As part of my role as a teacher trainer, I have observed many ELT lessons over the years: some given by new and inexperienced trainees, others by experienced members of staff who have been teaching language for many years. One area that interests me is the teacher response to learner mistakes in a lesson and what steps are taken towards oral error correction. Even if we haven’t thought about this consciously, our stance is usually writ loud and clear. What is evident to the observer is that teacher attitudes to learner mistakes can have a profound impact on behaviours in class.

Here’s my Top Ten list for ensuring that your quiet language students will be even quieter, simply by adopting some or all of these simple classroom techniques:

  1. Always correct every error you hear
  2. Ensure that you correct in a stern way; Do Not Smile
  3. Make sure that you never praise your learners for answers given in incorrect English
  4. Don’t give thinking time – where possible, make sure you supply the answer yourself
  5. When learners do answer, respond to the language only, not to the content of the response
  6. Spend most of your lesson facing the board, computer, or looking at the textbook. Avoid eye contact with your students
  7. Ask questions to the whole class but always accept early answers from the most confident students, who should get the answer right
  8. If a student is hesitant, don’t give them time to finish. Show in your body language that you are bored listening to their attempts
  9. Seize every error as a teaching opportunity – don’t move on until everyone in the class is absolutely clear what the mistake was
  10. Be prepared to interrupt your students’ interactions at any time, so that they are using Perfect English

Or… you might want to think about doing things differently.

Error correction in the language classroom is important – my students definitely want to be corrected, and can feel irritated if they aren’t. But for teachers, what to correct, when to correct, and how to go about it are issues we grapple with on a day-to-day basis.  How can we help our learners in an encouraging way?

In my upcoming webinar we’ll explore how to categorise oral language errors and examine strategies for dealing with them, as well as evaluating practical ideas for immediate use in class.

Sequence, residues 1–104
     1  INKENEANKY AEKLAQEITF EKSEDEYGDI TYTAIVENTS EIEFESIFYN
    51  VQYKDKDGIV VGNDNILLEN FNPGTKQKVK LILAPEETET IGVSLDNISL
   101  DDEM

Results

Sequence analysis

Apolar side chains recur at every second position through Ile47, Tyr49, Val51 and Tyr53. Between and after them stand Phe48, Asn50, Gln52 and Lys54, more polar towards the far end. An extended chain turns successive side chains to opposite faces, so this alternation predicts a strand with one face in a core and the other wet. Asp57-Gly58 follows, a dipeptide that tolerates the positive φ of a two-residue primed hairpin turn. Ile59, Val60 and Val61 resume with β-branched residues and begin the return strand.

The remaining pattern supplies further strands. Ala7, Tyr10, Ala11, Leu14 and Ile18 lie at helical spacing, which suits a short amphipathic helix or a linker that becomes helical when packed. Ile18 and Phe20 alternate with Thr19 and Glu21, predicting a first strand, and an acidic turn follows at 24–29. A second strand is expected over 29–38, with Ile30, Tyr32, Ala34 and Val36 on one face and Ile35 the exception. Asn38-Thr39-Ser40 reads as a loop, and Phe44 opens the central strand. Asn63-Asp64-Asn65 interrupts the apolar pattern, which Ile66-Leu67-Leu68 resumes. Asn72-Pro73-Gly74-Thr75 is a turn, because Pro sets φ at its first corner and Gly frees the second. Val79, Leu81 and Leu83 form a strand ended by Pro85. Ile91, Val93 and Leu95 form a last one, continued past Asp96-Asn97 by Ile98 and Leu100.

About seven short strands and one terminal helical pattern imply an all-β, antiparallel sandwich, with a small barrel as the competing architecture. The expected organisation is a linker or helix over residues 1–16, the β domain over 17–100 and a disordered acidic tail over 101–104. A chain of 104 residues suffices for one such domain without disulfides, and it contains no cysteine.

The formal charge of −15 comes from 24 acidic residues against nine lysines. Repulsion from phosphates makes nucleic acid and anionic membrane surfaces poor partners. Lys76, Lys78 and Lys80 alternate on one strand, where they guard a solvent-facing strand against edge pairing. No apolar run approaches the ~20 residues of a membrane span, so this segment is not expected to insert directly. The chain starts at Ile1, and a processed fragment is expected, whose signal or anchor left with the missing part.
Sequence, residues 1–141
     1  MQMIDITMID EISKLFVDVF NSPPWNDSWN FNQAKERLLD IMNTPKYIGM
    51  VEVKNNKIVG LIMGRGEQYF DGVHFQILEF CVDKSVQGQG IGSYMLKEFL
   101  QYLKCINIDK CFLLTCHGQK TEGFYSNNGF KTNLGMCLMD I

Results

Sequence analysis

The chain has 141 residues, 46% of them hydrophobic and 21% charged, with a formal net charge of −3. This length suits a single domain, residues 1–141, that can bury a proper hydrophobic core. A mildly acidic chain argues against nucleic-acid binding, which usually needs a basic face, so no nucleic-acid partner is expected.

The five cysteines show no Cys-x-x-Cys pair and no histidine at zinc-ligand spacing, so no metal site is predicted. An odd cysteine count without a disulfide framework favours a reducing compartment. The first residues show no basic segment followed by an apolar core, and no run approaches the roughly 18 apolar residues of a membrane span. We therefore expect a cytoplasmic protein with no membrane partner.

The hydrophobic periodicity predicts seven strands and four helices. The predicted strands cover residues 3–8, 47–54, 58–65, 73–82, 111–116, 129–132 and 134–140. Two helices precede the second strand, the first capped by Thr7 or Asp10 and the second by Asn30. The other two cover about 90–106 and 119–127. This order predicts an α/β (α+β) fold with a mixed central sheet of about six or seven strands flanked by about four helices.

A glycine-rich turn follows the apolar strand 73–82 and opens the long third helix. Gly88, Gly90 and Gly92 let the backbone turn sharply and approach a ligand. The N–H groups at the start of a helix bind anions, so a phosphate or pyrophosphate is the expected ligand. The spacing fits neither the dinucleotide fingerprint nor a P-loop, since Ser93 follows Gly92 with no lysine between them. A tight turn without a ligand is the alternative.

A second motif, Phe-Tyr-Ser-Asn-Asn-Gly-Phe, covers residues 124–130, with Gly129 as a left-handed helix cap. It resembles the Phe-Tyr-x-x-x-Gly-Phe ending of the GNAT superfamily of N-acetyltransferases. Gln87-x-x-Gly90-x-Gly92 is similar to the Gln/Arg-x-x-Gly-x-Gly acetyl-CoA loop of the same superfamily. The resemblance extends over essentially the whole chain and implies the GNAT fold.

Join the webinar, Oral Error Correction in the English Language Classroom on 24th and 26th September to find out more.


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#EFLproblems – Phonetics and Pronunciation

Talking in someone's earWe’re helping to solve your EFL teaching problems by answering your questions every two weeks. We’ve received some queries about phonetics and pronunciation, specifically how to make pronunciation apps part of the class.

Talk to your students

There are many apps and the first thing a teacher should do is ask their students if they’ve got a pronunciation app and how they use it. Being aware of students who have a pronunciation app will help the teacher integrate it into the class. Then, it is also important to talk to the students about how they use their app. This discussion will also generate some ideas. The discussion may also make some students curious about a pronunciation app and how they could use it.

So, let’s now explore how to integrate the use of the app into the classroom.

Let’s consider first the sounds chart.

Be a resource for students

As the teacher, you can help your students understand certain concepts. For example, voiced and unvoiced sounds. Having a brief discussion on this in class will help students use their app better. They will see that /p/ in “parrot” is unvoiced and that /b/ in “be” is voiced.

Activity: